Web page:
"Trusting that I shall be considered a willing servant, capable of impartial advice and detached from any private interest...".
To get bombs on target with acceptable accuracy requires an aircraft to correct for drift while maintaining a constant altitude and airspeed. Even minor fluctuations can cause a miss, and the greater the altitude, the greater the chance for error. To overcome this problem, Norden devised a gyrostabilized automatic pilot. On...
To get bombs on target with acceptable accuracy requires an aircraft to correct for drift while maintaining a constant altitude and airspeed. Even minor fluctuations can cause a miss, and the greater the altitude, the greater the chance for error. To overcome this problem, Norden devised a gyrostabilized automatic pilot. On the approach to the target, the autopilot would be turned on to reduce turbulence and "overcontrolling" by the pilot. The bombardier would take over and keep the cross hairs of the sight centered on the target. At the critical moment, the bombs were released and a green light in the cockpit would flash to tell the pilot that the bombs were gone and he could resume control of the aircraft.
The Norden bombsight was first installed in a U.S. Air Corps plane in 1935, and by 1941 it had been perfected. With 43,000 produced during World War II, it became a key factor and one of the most closely guarded military secrets of the war. So valuable were the secrets of the sight's manufacture that Norden was accompanied everywhere by two bodyguards.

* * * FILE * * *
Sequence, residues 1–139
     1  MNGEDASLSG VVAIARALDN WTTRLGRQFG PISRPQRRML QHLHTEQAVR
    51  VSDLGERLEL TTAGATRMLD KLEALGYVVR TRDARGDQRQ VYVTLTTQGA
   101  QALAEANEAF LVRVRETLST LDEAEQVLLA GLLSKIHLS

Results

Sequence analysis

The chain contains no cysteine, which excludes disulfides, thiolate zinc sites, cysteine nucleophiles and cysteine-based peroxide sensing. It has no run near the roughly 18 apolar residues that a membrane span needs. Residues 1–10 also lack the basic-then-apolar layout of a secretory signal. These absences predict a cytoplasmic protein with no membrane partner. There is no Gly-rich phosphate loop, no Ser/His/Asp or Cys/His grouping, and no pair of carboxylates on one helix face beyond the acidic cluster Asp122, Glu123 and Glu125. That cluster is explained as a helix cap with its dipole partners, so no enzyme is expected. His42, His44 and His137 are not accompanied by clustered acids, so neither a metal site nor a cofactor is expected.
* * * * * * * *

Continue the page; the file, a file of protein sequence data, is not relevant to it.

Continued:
Such an important technological breakthrough would normally earn its creator sizeable financial gains. This was not true for Carl Norden, however. Sensing how important his invention would be to the U.S. war effort, he sold the rights to the government for just one dollar. Earlier in his career, Norden not only worked on bomb-sights, but designed and furnished other instruments and devices for U.S. Navy bureaus, including robot flying bombs and radio-controlled target planes.
In 1921, with Norden actively pioneering in these areas at the Navy’s request, he was naturally in touch with Lieut. Commander Olaf Hustvedt, a senior official in the Navy Department’s Bureau of Ordnance, who was responsible for investigating and reporting upon the feasibility of the remote control of aircraft by radio and of flying bombs. Hustvedt, later a rear admiral, battleship commander and member of the Navy Board in World War II, was also in communication with Robert Goddard about his rocketry work. In the following letter, it is useful to know that the Naval Proving Ground (weapons-testing facility) was then at Dahlgren, Va.; the Witteman-Lewis, manufactured by the Witteman Co., was a type of aircraft in which Norden gyroscopes were being tested; F.B.’s were Boeing aircraft; and J.N.’s were Jenny aircraft. In an extraordinarily important letter to Hustvedt in the midst of their 1921 work, Norden goes out of official channels to level with him about some key issues. The Navy was using corporate engineering consultants in addition to Norden.
Here he suggests that they can dispense with outside assistance and that he will take over the bomb-sight work himself. He also complains about the obstruction he was facing from entrenched bureaucrats, not in fact dissimilar to the problems Billy Mitchell was having convincing the Army of the central role to be played by air power in the future. He also stresses that he is an impartial and willing servant, with no private motives, thus foreshadowing the gift of his bomb-sight to the U.S. Government.